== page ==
Patients with congenital face blindness outperform controls
face perception test
Outcome: Individuals born with face-blindness (congenital prosopagnosia), while impaired at recognizing familiar faces and even making perceptual judgments about whether two unknown faces are the same or different, are better than matched controls at detecting similarities/differences between parts of two faces in a composite face comparison task.
Impact/benefits: This interesting scenario is one in which a neuropsychological group performs more accurately than the control sample. Moreover, the specificity of the performance profile sheds light on the potential mechanism underlying this interesting neurodevelopmental disorder.
Background/explanation: In the ‘composite face task’ (see image below), individuals view two consecutively presented composite faces, and make same/different decisions based only on the top part of the face. The bottom part of the face is to be ignored. The two faces are created such that the two top parts could either be the same or different while the bottom part is always different. Additionally, the top and bottom parts of a single face can be either aligned or misaligned. Due to the holistic nature of face processing, even when instructed to judge only the top halves of aligned faces and to ignore the bottom parts, normal observers exhibit significant interference induced by the presence of the task-irrelevant bottom half of the composite face (which is always different). Thus, erroneously, they tend to judge two faces with identical tops as ‘different’ rather than ‘same’ (i.e. make false alarms). This interference from the task-irrelevant bottom of the face is substantially reduced when configural information is disrupted, as in the misaligned condition (Figure 1, bottom row) (Young et al., 1987) and also when the faces are inverted. In contrast with normal individuals, the prosopagnosic individuals perform equivalently with aligned and misaligned faces and are impervious to (the normal) interference from the task-irrelevant bottom part of faces. Interestingly, the extent of the local bias evident in the composite task is correlated with the abnormality of performance on diagnostic face processing tasks.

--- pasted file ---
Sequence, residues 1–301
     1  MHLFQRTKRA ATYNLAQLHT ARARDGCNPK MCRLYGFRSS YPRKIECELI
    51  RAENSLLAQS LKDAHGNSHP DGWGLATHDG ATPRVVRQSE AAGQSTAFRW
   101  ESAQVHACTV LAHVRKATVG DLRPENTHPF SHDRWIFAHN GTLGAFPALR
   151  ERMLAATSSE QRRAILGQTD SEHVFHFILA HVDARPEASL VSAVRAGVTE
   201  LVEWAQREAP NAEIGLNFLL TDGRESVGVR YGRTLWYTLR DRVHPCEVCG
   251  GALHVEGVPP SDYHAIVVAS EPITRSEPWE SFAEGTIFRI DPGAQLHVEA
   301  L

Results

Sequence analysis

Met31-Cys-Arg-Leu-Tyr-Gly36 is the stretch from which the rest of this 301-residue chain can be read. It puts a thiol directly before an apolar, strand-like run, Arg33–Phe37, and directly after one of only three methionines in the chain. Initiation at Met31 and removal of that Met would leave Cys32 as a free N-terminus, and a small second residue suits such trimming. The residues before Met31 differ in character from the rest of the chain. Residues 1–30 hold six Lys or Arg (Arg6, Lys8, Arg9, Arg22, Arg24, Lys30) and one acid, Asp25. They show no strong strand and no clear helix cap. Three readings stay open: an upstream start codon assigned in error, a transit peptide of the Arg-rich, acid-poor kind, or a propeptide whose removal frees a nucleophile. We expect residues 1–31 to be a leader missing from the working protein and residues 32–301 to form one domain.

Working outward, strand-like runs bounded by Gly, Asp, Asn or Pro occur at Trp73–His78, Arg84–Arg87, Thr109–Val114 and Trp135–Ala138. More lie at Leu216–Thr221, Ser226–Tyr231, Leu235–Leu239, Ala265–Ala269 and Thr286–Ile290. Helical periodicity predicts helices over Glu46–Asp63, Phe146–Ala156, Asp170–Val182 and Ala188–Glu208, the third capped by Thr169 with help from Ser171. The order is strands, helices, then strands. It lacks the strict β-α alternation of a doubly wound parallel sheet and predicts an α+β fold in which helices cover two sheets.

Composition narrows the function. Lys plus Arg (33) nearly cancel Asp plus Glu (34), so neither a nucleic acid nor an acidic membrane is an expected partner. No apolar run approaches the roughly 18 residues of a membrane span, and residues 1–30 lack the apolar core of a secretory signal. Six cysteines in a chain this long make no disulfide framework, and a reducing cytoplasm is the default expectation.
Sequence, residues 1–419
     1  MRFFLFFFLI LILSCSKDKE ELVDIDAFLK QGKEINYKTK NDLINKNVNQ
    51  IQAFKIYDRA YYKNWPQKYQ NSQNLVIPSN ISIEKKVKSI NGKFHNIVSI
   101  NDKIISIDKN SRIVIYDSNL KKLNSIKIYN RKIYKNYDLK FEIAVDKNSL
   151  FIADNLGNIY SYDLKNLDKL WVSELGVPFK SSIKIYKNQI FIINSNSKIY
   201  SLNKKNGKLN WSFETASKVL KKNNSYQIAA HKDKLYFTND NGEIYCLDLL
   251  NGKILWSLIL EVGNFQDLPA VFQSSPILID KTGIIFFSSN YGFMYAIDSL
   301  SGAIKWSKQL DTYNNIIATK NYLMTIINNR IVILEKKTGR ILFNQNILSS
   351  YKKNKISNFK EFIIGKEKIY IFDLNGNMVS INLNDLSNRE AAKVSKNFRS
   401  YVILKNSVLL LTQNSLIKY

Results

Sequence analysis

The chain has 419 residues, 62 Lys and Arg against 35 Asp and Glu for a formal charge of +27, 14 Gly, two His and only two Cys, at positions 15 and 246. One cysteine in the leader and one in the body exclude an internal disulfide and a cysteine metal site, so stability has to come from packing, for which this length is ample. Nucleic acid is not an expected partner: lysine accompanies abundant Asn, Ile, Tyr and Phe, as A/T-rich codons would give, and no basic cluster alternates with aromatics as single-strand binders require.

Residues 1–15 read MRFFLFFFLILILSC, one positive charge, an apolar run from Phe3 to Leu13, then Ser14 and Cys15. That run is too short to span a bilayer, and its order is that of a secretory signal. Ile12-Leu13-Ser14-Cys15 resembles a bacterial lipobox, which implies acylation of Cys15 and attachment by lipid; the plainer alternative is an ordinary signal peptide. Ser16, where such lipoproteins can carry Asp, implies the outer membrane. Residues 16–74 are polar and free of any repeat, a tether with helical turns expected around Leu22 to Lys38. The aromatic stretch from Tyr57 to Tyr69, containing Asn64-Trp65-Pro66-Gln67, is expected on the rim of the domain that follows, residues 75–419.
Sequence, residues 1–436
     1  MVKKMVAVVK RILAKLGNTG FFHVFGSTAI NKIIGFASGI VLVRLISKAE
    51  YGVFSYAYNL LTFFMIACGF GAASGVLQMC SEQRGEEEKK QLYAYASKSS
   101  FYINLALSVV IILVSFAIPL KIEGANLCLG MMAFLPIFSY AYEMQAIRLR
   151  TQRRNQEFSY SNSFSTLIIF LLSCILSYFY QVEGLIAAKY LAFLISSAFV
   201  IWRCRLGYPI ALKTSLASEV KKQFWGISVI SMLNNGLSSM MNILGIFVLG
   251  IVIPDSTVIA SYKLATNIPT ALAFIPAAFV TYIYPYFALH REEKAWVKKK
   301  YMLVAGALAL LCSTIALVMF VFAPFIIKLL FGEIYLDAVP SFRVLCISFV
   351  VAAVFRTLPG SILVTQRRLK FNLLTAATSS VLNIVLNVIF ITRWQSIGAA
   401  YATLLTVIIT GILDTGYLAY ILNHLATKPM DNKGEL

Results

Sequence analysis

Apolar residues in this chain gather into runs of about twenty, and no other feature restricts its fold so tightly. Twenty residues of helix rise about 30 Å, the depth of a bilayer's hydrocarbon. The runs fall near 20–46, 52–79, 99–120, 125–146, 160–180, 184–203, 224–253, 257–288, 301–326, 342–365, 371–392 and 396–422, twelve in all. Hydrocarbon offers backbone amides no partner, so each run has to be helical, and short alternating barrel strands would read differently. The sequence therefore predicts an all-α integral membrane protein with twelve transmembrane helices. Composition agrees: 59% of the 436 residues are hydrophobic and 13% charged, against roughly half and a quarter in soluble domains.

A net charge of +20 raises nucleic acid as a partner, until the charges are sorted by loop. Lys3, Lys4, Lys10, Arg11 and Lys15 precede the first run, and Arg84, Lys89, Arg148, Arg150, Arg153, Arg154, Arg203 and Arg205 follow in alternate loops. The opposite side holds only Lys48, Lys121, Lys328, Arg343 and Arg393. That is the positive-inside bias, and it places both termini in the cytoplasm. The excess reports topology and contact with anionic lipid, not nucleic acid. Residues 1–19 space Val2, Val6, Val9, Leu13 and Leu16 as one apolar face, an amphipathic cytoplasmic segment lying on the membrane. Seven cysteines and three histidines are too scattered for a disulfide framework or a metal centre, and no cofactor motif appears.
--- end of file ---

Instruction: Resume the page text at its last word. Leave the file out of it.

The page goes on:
Credit: Avidan, Tanzer & Behrmann, manuscript under review, Neuropsychologia.
Images kindly provided by Isabel Gauthier, Vanderbilt University (PEN network).